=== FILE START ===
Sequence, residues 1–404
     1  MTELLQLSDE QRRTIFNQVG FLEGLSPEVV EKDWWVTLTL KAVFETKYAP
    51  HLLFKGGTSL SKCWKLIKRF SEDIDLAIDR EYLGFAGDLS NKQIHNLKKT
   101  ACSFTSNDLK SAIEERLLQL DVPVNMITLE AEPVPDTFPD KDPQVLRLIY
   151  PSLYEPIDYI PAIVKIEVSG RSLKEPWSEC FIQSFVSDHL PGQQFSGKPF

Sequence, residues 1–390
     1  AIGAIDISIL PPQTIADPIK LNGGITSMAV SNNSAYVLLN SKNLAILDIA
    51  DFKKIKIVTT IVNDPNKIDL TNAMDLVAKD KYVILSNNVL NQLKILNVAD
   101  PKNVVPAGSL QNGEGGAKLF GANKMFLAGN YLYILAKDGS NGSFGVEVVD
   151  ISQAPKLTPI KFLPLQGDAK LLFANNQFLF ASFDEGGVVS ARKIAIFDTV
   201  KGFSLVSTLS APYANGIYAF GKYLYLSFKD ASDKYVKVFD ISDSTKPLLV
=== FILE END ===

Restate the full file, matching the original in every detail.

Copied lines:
Sequence, residues 1–404
     1  MTELLQLSDE QRRTIFNQVG FLEGLSPEVV EKDWWVTLTL KAVFETKYAP
    51  HLLFKGGTSL SKCWKLIKRF SEDIDLAIDR EYLGFAGDLS NKQIHNLKKT
   101  ACSFTSNDLK SAIEERLLQL DVPVNMITLE AEPVPDTFPD KDPQVLRLIY
   151  PSLYEPIDYI PAIVKIEVSG RSLKEPWSEC FIQSFVSDHL PGQQFSGKPF

Sequence, residues 1–390
     1  AIGAIDISIL PPQTIADPIK LNGGITSMAV SNNSAYVLLN SKNLAILDIA
    51  DFKKIKIVTT IVNDPNKIDL TNAMDLVAKD KYVILSNNVL NQLKILNVAD
   101  PKNVVPAGSL QNGEGGAKLF GANKMFLAGN YLYILAKDGS NGSFGVEVVD
   151  ISQAPKLTPI KFLPLQGDAK LLFANNQFLF ASFDEGGVVS ARKIAIFDTV
   201  KGFSLVSTLS APYANGIYAF GKYLYLSFKD ASDKYVKVFD ISDSTKPLLV